The best way to overcome it [the fear of death]—so at least it seems to me—is to make your interests gradually wider and more impersonal, until bit by bit the walls of the ego recede, and your life becomes increasingly merged in the universal life. An individual human existence should be like a river: small at first, narrowly contained within its banks, and rushing passionately past rocks and over waterfalls. Gradually the river grows wider, the banks recede, the waters flow more quietly, and in the end, without any visible break, they become merged in the sea, and painlessly lose their individual being. The man who, in old age, can see his life in this way, will not suffer from the fear of death, since the things he cares for will continue. And if, with the decay of vitality, weariness increases, the thought of rest will not be unwelcome. I should wish to die while still at work, knowing that others will carry on what I can no longer do and content in the thought that what was possible has been done.

Bertrand Russell (1872 – 1970)

The Transhumanist Wager

The Transhumanist Wager

(This article was reprinted in the online magazine of the “Institute for Ethics and Emerging Technologies,” November 10, 2014 and in Humanity+ Magazine on the same day.

You Should Make the Transhumanist Wager  

The Transhumanist Wager, brainchild of noted transhumanist Zoltan Istvan, can be understood as follows. If you love and value your life, then you will want the option to live as long and as well as possible. How do you achieve this?

Alternative #1 – don’t use science and technology to try to defeat death and hope there is an afterlife. But since you don’t know there is an afterlife, doing nothing doesn’t help your odds.

Alternative #2 – use science and technology to try to defeat death. By doing something you are increasing your odds of being immortal.

The choice is between bettering your odds or not, and good gamblers say the former is the better choice. At least that’s what the supporters of the argument say.

There are two basic obstacles that prevent individuals from taking the wager seriously. First, most people don’t think immortality is technologically possible or, if they do, believe such technologies won’t be around for centuries or millennia. Most are unaware that research on life-extending and death-eliminating technologies is progressing rapidly. Some researchers think we are only decades from extending life significantly, if not defeating death altogether.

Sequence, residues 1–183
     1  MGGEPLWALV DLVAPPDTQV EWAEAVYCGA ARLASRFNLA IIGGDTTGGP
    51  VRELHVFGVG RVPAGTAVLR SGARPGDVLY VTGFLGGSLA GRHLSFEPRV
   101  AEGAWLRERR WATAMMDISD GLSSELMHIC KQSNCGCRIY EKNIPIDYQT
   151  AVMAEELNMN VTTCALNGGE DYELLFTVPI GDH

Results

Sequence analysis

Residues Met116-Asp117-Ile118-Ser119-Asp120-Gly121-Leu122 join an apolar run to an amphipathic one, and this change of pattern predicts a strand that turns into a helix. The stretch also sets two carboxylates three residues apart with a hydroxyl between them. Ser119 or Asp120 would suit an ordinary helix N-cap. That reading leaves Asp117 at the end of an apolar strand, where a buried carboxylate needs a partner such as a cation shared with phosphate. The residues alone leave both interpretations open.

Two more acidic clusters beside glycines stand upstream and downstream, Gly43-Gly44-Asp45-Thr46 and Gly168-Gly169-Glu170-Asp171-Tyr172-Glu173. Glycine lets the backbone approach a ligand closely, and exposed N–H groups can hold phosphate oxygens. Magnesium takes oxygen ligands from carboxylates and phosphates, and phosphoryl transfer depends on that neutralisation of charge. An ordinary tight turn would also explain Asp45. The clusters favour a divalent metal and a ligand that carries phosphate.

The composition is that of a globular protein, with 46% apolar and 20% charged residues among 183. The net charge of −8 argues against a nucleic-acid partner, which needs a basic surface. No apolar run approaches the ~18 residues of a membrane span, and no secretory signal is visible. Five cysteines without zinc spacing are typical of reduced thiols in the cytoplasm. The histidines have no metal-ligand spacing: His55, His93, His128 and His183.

Second, even if convinced that we can overcome death, many feel we shouldn’t. I have written extensively about this topic in my recent book, The Meaning of Life: Religious, Philosophical, Transhumanist, and Scientific Perspectives, and in recent articles, arguing that death should be optional, not mandatory. I am always amazed at how many people—when confronted for the first time with the idea that technology may give them the option of living much longer, happier, and healthier lives—claim to prefer death. There are many reasons for this, but for most the paradigm shift required is too great, guided as they are by superstition, ancient religion, distorted views of what’s natural, or a general love of stasis and disdain for change—even if it means condemning their consciousness to oblivion!

In order to better clarify the transhumanist wager let’s compare it to two other wagers—Pascal’s Wager and the Cryonics Wager.

Pascal’s Wager

Pascal’s Wager advances a pragmatic argument for the existence of the Christian God. Here it is in matrix form:

It’s simple. Bet that God exists, believe in God, and you either win big (heaven) or lose nothing (except perhaps a little time and money in church), or bet that god doesn’t exist, bet that you don’t believe in God, and you either lose big (hell) or win nothing (except perhaps saving a bit of time and money in church.) The expected outcome of betting that god exists is infinitely greater than betting the reverse. Thus the wise would be that God exists.

The main reason this argument fails is that it assumes there is only a single God who rewards and punishes. But we don’t know reality is like this. You might bet on the existence of the Christian God, but in the afterlife find that Allah or Zeus condemns you for your false beliefs. Or even if the Christian God exists, you can’t be sure that your version of Christianity is correct. Perhaps only 1 of the approximately 41,000 sects of Christianity is true; the version you believe is incorrect; and you will be condemned for your false beliefs.

Or consider another scenario. You believe in the inerrancy of the Bible, go to church, do good deeds, and are awoken at the last judgment by the Christian God. You’re feeling pretty good, until you hear a voice say: “I made you in my image by giving you reason. Yet you turned your back on this divine gift, believing in supernatural miracles and other affronts to reason. And you believed in me without good reason or evidence. Be gone then! Only scientists and rationalists, those who used the precious gift of reason that I bestowed upon them, can enter my kingdom.”

This scenario may not be true, but it is as plausible as typical religious explanations of what earns reward and punishment. It may even be more just. But the main point is that Pascal’s wager doesn’t work because we don’t know that there is a single god who rewards or punishes us based on whether we believe in him. We don’t know if reality is like that.

The Cryonics Wager